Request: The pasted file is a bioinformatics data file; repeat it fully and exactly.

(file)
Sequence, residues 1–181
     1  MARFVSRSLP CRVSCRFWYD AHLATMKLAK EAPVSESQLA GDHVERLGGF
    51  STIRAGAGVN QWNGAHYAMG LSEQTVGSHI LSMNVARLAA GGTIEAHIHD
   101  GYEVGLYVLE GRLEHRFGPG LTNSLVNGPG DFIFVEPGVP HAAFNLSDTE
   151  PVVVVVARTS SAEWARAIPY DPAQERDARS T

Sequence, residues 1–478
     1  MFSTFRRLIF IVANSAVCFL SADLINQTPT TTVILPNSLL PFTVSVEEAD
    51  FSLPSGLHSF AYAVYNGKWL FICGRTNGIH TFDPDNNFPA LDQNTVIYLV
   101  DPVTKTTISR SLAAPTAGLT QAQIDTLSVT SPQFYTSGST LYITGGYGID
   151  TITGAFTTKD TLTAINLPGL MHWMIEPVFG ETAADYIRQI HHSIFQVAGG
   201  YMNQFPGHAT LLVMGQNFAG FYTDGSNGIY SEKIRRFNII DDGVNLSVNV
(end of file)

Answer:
Sequence, residues 1–181
     1  MARFVSRSLP CRVSCRFWYD AHLATMKLAK EAPVSESQLA GDHVERLGGF
    51  STIRAGAGVN QWNGAHYAMG LSEQTVGSHI LSMNVARLAA GGTIEAHIHD
   101  GYEVGLYVLE GRLEHRFGPG LTNSLVNGPG DFIFVEPGVP HAAFNLSDTE
   151  PVVVVVARTS SAEWARAIPY DPAQERDARS T

Sequence, residues 1–478
     1  MFSTFRRLIF IVANSAVCFL SADLINQTPT TTVILPNSLL PFTVSVEEAD
    51  FSLPSGLHSF AYAVYNGKWL FICGRTNGIH TFDPDNNFPA LDQNTVIYLV
   101  DPVTKTTISR SLAAPTAGLT QAQIDTLSVT SPQFYTSGST LYITGGYGID
   151  TITGAFTTKD TLTAINLPGL MHWMIEPVFG ETAADYIRQI HHSIFQVAGG
   201  YMNQFPGHAT LLVMGQNFAG FYTDGSNGIY SEKIRRFNII DDGVNLSVNV